WASHINGTON - A key U.S. congressional committee will release draft legislation on Tuesday to restrict future bailouts and give the government a new way to deal with giant financial firms that get into trouble, a senior congressional source told Reuters.
The draft bill calls for creation of a Financial Stability Council to monitor systemic risk in the economy and identify specific problem areas for attention, the source said.
Existing agencies would work out details to help execute the council's orders. Funding for addressing problems at specific firms would come from U.S. Treasury Department loans that would have to be repaid by both banks and non-bank financial firms so taxpayers would not foot the bill, the source said.
The bill would empower the council to make decisions about the treatment of shareholders, creditors and management in cases requiring the government to step in, the source said.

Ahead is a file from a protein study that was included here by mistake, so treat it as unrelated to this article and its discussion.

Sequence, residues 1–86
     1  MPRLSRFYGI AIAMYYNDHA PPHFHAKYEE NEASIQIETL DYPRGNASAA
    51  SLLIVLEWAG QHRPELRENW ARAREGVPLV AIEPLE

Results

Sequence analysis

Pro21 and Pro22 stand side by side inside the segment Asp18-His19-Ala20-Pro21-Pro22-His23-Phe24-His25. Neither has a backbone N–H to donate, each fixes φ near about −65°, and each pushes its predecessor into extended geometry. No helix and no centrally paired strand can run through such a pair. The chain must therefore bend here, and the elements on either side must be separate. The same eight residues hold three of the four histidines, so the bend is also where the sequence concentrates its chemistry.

Shareholders will be wiped out. Creditors can take major hits. Management can be replaced, the source said.
President Barack Obama and congressional Democrats have worked for months on a strategy to try to prevent another episode like the Bush administration's confused handling last year of the worst financial crisis in generations.
That response resulted in massive taxpayer bailouts for some firms, such as mega-insurer American International Group, no aid for others such as former Wall Street powerhouse Lehman Brothers, which collapsed, and government-engineered merger deals for others.
(Reporting by Kevin Drawbaugh)